By 1910, a young devadasi from Mysore, Bangalore Nagarathnamma, had created quite a stir in the orthodox society of Madras. She had come across a literary work titled Radhika Santawanam, or ‘Appeasement of Radha’, by Muddupalani, an 18th century courtesan of Maharaja Pratapasimha of Thanjavur. The book, chronicling the life of a married woman (Radha) who is in love with a minor boy (Krishna), inspired Bangalore Nagarathnamma so much that she decided to have it translated and republished.
This was a brave act for its time, because Muddupalani’s Radha wasn’t an ordinary character. She was passionate in her love for Krishna, outspoken in demanding that her sexual needs were met, and unapologetic in abusing and kicking him when he refused. Nagarathnamma, who loved the lyrical poetry of the book, wrote in the prologue of one of its editions that she had read it over and over again.
The consequences of Nagarathnamma’s deep interest in the bold, feminist tale of a fellow devadasi set the Madras literary and cultural scene ablaze. It was considered blasphemous to be publishing something as erotic as this. Several noted literary critics led a virulent campaign against the book and Nagarathnamma. Editorials started appearing in newspapers that this was a defiled and crude work of a prostitute now being glorified by another prostitute, and that this would have a terribly harmful effect on the moral values of the society.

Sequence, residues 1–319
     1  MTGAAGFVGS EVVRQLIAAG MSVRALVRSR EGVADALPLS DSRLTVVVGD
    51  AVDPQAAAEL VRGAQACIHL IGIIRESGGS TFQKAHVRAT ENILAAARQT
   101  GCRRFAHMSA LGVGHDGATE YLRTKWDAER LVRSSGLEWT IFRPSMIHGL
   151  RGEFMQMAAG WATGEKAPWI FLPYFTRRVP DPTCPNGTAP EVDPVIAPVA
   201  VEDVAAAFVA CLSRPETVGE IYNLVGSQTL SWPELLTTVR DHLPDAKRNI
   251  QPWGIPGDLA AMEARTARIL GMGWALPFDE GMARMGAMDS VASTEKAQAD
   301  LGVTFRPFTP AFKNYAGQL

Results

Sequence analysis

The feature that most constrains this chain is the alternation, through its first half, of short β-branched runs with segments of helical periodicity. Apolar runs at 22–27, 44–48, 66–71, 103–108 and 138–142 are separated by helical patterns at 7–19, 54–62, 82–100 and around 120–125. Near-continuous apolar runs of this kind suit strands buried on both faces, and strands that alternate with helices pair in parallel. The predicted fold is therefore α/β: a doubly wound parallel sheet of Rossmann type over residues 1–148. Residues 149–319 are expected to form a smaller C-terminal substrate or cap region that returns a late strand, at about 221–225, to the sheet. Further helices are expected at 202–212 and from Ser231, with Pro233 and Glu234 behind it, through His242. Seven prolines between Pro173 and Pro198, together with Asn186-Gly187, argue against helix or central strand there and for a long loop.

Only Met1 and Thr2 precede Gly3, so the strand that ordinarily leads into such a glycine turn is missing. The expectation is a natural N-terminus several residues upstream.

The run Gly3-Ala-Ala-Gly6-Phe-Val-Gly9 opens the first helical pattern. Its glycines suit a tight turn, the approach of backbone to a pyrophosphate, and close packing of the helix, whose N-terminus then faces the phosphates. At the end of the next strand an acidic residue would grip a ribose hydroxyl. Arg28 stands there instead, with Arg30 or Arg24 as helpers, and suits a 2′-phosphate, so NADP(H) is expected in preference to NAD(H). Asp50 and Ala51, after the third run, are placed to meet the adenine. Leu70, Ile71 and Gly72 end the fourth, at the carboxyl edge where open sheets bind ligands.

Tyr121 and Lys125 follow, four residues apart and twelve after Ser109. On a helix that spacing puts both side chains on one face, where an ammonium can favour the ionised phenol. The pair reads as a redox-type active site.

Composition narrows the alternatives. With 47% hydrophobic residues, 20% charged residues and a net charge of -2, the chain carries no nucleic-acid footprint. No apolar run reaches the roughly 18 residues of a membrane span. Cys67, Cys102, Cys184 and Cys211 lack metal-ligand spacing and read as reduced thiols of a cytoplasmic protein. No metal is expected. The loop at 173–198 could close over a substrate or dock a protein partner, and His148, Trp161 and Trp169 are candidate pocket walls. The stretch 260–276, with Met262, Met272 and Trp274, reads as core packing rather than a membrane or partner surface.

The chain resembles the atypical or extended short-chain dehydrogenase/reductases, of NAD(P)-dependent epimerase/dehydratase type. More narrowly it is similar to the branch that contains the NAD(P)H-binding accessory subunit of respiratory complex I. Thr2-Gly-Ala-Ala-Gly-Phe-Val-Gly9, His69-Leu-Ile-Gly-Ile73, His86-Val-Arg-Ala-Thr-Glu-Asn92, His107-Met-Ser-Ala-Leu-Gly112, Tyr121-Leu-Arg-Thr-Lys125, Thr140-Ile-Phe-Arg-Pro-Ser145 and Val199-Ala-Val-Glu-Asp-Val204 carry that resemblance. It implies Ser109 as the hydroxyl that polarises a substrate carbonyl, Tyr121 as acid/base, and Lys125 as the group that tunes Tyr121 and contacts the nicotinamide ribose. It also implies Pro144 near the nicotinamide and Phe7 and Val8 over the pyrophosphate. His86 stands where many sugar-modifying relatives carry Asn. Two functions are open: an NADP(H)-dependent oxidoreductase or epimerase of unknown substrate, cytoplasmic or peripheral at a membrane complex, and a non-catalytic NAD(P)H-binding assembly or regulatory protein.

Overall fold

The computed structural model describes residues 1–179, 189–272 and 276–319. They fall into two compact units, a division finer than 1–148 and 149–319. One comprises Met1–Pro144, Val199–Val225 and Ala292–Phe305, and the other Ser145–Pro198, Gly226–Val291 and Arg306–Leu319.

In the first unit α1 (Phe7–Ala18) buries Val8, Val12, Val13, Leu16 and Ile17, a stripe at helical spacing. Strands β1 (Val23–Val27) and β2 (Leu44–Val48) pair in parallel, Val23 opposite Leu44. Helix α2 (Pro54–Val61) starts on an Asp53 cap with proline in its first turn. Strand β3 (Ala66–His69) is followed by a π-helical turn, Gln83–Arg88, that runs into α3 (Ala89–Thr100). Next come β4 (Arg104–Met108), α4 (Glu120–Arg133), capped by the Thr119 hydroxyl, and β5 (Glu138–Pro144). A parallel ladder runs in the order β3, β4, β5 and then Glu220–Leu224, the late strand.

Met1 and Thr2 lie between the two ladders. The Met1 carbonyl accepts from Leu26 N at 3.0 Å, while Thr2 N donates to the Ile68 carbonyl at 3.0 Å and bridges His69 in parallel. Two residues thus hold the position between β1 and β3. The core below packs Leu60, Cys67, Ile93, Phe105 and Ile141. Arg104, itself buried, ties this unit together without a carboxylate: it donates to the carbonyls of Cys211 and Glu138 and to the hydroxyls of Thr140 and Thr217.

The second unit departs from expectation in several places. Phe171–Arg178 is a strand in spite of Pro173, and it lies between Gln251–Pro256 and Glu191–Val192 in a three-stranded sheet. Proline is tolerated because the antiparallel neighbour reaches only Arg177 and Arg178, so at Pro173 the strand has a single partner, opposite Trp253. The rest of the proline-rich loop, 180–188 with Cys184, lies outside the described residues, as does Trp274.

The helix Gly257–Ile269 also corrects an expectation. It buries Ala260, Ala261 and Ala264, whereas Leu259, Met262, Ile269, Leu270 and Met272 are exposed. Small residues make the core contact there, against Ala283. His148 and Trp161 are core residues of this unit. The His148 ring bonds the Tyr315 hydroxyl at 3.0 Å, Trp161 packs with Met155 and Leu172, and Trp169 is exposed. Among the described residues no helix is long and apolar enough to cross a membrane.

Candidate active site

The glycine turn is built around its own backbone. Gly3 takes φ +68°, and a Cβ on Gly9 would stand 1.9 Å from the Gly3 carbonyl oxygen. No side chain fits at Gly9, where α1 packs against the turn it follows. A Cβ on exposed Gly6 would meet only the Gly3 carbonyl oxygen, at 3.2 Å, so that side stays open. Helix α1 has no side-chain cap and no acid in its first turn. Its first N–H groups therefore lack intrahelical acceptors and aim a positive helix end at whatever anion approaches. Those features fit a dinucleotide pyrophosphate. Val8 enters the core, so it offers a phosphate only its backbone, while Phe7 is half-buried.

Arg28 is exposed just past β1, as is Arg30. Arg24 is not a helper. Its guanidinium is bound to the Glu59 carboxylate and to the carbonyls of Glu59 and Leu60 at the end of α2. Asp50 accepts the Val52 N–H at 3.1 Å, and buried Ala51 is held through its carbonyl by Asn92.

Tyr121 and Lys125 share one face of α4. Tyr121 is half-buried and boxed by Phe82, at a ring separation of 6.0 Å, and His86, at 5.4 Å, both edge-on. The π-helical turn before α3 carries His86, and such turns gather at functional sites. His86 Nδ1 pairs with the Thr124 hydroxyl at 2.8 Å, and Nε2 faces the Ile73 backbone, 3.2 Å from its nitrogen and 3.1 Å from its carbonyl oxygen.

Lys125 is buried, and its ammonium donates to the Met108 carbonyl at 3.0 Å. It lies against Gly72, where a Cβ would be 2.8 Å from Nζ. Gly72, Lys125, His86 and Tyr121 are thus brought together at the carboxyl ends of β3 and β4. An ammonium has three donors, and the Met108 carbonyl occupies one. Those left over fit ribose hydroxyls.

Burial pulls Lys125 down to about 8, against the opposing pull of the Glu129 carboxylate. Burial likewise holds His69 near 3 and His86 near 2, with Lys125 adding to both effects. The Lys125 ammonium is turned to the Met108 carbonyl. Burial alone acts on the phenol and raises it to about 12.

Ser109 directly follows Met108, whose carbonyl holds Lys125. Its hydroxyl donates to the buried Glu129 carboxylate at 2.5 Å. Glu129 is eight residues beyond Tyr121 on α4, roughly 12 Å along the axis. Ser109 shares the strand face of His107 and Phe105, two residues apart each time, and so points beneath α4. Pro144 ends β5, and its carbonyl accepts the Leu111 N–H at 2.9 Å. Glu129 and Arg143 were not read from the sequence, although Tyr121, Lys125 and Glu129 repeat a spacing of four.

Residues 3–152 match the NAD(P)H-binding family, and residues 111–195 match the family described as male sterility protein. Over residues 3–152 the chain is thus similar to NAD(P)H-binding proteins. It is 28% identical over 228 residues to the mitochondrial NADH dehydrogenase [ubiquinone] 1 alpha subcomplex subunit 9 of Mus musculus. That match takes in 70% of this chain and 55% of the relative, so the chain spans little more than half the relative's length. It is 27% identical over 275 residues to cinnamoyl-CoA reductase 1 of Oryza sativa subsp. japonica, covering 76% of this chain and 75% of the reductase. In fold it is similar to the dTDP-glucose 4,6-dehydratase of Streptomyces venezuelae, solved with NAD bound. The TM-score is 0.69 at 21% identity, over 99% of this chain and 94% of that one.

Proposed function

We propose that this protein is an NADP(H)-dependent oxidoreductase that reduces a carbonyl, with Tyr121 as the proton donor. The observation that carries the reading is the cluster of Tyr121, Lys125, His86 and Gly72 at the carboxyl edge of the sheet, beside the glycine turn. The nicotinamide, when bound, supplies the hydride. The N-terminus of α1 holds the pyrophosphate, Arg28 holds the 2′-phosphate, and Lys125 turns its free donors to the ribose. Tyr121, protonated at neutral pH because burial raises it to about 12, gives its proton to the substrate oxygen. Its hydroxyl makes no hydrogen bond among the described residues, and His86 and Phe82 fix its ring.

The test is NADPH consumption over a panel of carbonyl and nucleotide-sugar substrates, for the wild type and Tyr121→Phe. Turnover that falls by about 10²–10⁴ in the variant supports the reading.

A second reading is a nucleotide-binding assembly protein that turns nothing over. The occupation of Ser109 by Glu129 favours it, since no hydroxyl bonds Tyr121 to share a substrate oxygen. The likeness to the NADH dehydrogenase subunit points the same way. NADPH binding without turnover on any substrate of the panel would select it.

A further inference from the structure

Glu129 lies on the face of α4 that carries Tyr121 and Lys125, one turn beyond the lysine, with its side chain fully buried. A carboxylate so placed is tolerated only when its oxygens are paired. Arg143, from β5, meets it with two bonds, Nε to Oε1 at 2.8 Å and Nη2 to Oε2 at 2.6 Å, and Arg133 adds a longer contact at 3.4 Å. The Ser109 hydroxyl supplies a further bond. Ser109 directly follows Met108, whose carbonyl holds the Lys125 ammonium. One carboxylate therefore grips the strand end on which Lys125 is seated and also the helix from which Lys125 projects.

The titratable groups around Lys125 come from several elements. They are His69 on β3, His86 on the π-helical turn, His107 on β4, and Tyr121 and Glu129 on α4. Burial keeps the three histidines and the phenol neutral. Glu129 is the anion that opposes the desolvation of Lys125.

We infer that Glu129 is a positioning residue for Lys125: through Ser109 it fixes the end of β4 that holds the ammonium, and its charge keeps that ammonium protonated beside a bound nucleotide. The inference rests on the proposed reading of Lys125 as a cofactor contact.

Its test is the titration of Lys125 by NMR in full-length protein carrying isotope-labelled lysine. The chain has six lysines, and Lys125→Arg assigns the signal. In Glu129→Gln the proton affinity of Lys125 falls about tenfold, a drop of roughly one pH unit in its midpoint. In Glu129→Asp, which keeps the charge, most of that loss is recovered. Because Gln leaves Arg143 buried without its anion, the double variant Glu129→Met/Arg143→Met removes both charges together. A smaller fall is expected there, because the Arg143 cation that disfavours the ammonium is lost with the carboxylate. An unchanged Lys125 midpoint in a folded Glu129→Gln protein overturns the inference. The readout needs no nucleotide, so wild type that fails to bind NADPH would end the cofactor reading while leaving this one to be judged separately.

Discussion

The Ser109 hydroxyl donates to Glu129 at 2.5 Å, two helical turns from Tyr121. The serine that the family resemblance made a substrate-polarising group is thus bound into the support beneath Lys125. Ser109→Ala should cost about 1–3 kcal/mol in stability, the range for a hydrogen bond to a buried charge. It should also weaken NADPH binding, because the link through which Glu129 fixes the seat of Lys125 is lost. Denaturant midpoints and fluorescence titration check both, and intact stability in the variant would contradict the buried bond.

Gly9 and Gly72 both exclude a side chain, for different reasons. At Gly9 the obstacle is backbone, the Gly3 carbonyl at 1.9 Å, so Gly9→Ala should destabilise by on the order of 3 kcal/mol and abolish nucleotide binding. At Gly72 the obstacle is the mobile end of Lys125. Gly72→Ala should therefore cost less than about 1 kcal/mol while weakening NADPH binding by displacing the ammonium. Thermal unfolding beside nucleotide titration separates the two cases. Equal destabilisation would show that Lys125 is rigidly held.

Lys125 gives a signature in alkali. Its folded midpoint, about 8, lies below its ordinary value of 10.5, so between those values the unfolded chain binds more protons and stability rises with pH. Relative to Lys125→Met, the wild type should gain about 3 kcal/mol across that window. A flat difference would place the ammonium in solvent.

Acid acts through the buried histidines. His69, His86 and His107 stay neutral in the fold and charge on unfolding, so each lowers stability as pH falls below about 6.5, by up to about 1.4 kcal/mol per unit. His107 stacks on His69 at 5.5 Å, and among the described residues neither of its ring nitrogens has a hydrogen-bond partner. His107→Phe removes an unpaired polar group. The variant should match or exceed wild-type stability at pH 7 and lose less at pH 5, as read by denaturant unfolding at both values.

Not one to take this lying down, Nagarathnamma hit back with strongly worded rejoinders in newspapers and magazines, mocking the hypocritical self-righteous stand of the purists and self-appointed custodians of high culture.
The issue snowballed into a huge law and order situation in Madras, with the police raiding the offices and depots of the publisher, and seizing 388 copies of Radhika Santawanam on 22 May 1911. A government translator was coerced into certifying that the content was indeed grossly obscene and needed to be banned. The book was declared illegal after being allegedly held to be an unhealthy influence on the morality of its readers. When its publication was declared a criminal offence, Nagarathnamma moved the court. The publisher, meanwhile, continued to distribute copies without waiting for the government’s response until 1927, when a complete ban was imposed. It was only after India’s Independence 20 years later that the book saw the light of day.
This episode underscores the popular public sentiment that raged in India around the time the gramophone made its entry into the country’s cultural scene. Hence, despite these social inhibitions and campaigns, the fact that The Gramophone Company and other recording companies from Europe sought the participation of devadasis like Bangalore Nagarathnamma, who were looked down upon by the society and hounded in the name of morality, was in itself noteworthy.